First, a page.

“Mia madre viene per restare,” he whispers, tears glistening in his beautiful dark eyes.
What? His mother is what? Restare…resting…gone to her rest…dead? Hallelujah, the selfish old crone is dead. He’s free, at last; we’re free.
I think back to when he took me to meet her for the first time. Behind the charmingly crumbling facade of Calle dei Furlani 4232, through a shabby wooden door, was a courtyard surrounded by tall apartment buildings. With a trickling fountain and olive trees in huge terracotta pots, it was a cool, tranquil oasis in the middle of noisy, vibrant Venice. And then, there she was, his mother, sitting on a hard kitchen chair on the stone slabs. My pleasurable anticipation faded as she gazed, malevolently, at me, the latest girlfriend.
“When? Quando?” I ask.
Two weeks? She’s been dead for two weeks?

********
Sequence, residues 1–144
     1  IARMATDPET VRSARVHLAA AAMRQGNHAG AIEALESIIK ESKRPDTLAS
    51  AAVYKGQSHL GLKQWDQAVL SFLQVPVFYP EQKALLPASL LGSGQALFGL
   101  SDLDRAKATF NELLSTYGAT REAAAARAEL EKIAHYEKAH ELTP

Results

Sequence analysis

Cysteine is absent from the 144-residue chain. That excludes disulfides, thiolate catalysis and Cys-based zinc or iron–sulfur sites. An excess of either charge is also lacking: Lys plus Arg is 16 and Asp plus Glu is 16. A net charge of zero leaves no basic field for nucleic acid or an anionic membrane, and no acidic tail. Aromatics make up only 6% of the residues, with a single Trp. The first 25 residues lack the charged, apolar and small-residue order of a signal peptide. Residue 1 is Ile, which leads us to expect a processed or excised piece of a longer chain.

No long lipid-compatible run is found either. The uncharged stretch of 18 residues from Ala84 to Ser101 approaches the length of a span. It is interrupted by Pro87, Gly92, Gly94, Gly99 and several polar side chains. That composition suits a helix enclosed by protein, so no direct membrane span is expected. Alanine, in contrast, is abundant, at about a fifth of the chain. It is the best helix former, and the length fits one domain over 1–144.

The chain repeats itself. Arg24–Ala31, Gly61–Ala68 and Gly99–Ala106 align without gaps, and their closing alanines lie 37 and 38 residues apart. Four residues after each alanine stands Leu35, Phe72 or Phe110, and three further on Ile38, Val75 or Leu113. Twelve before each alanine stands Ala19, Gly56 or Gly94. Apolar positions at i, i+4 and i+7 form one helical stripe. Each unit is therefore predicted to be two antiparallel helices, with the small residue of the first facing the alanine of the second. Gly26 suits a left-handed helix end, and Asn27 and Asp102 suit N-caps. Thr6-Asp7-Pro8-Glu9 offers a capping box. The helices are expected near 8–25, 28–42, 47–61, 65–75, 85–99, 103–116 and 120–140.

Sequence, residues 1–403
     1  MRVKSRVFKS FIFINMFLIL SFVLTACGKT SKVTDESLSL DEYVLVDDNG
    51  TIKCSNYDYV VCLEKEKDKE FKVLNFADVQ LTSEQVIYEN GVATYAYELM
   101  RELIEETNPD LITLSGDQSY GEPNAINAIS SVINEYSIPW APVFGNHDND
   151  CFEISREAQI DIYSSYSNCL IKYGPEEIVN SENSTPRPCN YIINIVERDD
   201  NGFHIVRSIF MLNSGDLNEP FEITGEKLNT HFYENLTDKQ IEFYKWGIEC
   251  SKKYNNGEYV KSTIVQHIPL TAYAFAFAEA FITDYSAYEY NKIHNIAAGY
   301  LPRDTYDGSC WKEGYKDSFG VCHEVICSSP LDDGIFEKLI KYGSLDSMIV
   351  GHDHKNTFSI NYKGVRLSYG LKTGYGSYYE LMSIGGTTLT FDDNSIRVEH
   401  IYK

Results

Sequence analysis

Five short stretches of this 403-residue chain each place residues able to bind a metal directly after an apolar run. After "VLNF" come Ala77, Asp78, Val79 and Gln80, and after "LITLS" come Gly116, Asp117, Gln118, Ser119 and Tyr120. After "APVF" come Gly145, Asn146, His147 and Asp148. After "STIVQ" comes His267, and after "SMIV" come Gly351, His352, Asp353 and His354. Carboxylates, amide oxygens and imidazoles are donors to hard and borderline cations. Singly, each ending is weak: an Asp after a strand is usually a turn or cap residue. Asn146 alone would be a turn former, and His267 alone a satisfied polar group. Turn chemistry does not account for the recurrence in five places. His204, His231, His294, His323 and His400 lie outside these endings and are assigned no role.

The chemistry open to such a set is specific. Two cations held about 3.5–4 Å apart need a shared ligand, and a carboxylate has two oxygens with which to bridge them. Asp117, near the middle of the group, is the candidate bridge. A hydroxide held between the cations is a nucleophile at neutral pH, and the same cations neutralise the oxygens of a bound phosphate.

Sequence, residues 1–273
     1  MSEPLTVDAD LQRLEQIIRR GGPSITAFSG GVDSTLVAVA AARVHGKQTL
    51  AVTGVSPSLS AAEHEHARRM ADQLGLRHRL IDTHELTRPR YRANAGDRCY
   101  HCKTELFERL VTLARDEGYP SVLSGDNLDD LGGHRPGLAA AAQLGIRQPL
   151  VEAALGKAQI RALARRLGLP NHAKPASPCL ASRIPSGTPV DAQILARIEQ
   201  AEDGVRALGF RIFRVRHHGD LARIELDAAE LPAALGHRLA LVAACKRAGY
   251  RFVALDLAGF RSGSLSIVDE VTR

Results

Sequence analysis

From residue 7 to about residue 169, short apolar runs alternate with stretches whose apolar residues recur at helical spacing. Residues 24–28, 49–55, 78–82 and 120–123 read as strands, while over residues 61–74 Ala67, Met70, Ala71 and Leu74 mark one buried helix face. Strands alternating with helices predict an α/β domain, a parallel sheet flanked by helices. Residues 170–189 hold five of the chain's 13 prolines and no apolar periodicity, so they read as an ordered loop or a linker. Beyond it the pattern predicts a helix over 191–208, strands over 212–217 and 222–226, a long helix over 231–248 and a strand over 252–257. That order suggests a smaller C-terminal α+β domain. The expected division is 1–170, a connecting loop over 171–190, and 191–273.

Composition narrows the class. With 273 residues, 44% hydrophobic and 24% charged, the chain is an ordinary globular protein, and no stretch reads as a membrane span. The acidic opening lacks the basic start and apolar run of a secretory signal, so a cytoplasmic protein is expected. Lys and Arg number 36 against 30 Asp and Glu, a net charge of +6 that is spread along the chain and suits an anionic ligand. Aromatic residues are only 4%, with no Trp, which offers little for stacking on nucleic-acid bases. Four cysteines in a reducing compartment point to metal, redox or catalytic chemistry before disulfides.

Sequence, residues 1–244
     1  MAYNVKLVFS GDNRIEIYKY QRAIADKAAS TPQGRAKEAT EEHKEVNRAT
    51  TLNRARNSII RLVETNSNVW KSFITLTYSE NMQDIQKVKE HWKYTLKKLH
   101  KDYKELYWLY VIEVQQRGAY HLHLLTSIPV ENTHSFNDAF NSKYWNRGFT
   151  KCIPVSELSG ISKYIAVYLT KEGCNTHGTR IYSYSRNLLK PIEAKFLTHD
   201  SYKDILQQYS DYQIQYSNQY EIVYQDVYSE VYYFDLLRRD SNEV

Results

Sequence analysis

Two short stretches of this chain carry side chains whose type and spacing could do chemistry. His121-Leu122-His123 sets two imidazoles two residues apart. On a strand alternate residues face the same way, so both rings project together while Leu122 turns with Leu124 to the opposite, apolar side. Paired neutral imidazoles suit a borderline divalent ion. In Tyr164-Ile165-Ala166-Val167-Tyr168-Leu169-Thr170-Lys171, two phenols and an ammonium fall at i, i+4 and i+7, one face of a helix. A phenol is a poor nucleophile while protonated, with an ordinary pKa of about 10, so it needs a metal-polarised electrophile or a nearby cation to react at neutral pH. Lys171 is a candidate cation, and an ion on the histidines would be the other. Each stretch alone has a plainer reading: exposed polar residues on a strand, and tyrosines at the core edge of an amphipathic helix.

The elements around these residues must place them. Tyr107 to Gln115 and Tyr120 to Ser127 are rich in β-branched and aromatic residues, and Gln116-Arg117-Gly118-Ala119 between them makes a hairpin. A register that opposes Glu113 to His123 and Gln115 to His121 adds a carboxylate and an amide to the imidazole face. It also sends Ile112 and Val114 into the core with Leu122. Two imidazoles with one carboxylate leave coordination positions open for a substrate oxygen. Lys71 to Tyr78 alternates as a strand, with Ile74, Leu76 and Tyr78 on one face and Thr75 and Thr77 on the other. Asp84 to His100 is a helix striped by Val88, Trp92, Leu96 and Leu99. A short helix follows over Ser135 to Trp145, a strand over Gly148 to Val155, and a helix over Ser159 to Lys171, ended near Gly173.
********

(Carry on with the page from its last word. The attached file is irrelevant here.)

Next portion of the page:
“Are you sure?” I ask. This happens a lot, but this time I need to be sensitive.
“It is sudden,” he shrugs. “I am not expecting. I am in shock and do not have words.”
I pull him into my arms and murmur comforting words even though I want to jump for joy.
She did her best to split us up but our love proved too strong for her.
“I will help you prepare a room to welcome her,” he says.
Hang on, something’s not right. I replay his words, slowly, in my head, eventually coming up with the correct translation.
“My mother is coming to stay.”
To stay, to stay, damn it, not dead.
“This time, I’m sure, you will be friends,” he says.
Highly unlikely, I think, but for you I will try, again, to make friends with the woman who behaves so badly because she loves her son so well.